A large part of that growth is attributed to direct flights from London, which is one of the biggest feeder markets into Philadelphia.
"Thought it would be a nice place to come, see some old American history," said James Marpels from Mann, England.
While official international visitor figures won't be out until the spring, the number of international visitors is expected to reach nearly 700,000. That is actually down from the record-breaking draw in 2008.
Philadelphia's renowned inventory of historical sites remain the top draw, but the new and improved airport has injected a real boost into international tourism here. New direct flights to and from European and Middle-Eastern capitals have lured more people, keeping Philadelphia's numbers strong. Meanwhile, cuts in daily overseas flights in cities like New York, Boston and Chicago have taken a toll on the international tourism in those big towns.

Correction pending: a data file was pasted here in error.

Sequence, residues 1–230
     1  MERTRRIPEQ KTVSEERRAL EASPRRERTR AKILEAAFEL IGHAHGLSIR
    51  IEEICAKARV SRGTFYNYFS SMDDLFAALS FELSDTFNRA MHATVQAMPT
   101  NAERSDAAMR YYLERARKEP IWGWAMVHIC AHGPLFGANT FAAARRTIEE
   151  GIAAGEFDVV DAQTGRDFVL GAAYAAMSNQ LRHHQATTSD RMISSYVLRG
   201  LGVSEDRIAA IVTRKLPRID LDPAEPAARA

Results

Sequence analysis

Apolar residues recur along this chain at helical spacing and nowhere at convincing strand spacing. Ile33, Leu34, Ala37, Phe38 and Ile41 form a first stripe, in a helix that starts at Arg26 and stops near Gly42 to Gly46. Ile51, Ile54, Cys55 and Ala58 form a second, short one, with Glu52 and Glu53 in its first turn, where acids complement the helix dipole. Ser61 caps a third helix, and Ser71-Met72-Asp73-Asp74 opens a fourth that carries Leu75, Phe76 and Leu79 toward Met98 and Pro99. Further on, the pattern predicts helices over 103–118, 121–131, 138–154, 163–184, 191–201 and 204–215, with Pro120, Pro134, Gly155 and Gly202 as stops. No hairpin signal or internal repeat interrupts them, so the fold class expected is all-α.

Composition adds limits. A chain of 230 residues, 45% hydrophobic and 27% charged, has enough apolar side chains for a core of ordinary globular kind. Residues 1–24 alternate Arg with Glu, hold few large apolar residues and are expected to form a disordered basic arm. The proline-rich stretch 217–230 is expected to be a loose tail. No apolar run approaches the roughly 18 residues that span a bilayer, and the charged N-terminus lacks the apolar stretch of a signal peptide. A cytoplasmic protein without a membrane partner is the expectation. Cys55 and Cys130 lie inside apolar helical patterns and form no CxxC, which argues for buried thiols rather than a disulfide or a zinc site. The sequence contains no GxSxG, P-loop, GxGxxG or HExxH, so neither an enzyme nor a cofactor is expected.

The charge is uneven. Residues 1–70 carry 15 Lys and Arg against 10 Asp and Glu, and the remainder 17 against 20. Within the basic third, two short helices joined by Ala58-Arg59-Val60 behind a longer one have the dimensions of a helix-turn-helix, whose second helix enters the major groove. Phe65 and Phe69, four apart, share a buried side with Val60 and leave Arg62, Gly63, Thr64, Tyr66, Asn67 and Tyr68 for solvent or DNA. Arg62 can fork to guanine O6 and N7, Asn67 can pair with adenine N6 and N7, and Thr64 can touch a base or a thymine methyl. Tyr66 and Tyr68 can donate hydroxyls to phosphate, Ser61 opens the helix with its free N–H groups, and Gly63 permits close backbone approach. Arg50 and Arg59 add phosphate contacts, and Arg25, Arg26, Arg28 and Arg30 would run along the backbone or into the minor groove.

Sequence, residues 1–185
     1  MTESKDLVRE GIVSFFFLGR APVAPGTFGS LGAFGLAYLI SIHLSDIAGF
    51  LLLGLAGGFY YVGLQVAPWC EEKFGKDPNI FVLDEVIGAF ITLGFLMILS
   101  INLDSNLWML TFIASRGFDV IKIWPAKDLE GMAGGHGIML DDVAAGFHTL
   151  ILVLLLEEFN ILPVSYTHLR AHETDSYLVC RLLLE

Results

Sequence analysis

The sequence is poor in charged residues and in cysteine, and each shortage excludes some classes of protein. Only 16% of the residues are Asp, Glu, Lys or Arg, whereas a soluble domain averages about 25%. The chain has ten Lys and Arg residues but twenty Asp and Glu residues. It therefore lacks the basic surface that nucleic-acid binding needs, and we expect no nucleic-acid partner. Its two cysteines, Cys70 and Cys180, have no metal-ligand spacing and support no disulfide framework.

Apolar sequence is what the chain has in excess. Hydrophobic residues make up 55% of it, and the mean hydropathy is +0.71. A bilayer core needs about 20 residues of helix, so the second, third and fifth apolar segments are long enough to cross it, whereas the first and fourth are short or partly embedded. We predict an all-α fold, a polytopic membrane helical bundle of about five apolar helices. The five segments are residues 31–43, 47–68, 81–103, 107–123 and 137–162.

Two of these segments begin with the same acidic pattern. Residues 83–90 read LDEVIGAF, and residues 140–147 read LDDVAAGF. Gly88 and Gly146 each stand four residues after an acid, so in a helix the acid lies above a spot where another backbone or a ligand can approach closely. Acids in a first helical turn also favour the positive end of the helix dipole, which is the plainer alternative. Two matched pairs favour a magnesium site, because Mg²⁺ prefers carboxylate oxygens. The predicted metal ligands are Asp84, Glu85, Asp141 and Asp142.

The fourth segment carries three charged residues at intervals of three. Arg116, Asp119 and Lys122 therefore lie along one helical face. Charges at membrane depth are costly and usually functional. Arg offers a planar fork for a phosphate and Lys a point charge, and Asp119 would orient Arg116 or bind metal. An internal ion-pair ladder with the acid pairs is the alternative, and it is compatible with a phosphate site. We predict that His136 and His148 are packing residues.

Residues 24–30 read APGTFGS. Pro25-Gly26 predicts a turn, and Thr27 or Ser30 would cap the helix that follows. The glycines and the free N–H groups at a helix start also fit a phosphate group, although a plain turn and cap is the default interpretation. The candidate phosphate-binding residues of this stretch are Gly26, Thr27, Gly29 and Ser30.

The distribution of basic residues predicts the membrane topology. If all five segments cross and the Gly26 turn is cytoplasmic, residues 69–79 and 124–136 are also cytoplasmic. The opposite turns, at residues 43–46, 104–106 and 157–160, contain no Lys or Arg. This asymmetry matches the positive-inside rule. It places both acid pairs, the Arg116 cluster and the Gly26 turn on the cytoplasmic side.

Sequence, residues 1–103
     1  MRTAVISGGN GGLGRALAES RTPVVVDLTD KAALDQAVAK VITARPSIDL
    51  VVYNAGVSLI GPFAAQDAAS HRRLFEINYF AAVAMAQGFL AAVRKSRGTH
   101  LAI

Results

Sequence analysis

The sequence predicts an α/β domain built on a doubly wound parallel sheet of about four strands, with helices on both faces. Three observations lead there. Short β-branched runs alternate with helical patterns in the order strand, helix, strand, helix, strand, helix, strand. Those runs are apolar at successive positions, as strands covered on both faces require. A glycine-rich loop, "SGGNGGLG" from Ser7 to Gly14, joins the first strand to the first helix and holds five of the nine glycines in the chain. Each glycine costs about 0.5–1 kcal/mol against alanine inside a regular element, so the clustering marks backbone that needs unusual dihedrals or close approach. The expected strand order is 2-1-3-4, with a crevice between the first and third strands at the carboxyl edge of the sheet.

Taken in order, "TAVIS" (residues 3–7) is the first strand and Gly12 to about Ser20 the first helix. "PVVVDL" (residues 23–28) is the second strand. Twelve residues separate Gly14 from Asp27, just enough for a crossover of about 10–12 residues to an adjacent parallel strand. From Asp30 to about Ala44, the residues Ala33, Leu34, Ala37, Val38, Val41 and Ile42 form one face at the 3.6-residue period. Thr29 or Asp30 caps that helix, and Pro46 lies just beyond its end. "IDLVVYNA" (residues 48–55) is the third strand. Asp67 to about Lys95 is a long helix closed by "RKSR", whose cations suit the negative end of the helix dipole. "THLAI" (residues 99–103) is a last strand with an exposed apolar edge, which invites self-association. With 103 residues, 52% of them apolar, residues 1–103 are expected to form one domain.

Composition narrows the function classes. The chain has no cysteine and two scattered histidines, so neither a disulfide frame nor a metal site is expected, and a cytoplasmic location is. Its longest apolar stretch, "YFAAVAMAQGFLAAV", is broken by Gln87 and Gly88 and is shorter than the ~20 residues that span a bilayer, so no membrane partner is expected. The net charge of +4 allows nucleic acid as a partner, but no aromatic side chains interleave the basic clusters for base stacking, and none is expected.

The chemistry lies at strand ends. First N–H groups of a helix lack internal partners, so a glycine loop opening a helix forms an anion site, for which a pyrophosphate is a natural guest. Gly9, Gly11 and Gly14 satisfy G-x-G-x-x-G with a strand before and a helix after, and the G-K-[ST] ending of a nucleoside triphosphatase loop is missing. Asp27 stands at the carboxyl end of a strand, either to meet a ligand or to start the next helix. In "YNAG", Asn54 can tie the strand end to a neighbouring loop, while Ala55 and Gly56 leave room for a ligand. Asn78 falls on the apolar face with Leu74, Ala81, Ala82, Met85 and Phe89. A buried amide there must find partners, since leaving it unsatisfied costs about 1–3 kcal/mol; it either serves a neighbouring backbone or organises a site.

"Huge fan of the sports and American football. I'm a huge fan of the Philadelphia Eagles," said Celar Giraldo from Bogota, Colombia.
Blockbuster exhibits at the art museum are getting Philadelphia's name out there on the world stage. The Barnes Treasures will soon be on the Parkway, Philadelphia advertises big time now in New York and Washington, and partnerships with Amtrak and bus operators in New York City continues to help register gains.
As the world wide recession recedes, the cheerleaders are forecasting boom times ahead for international tourism here.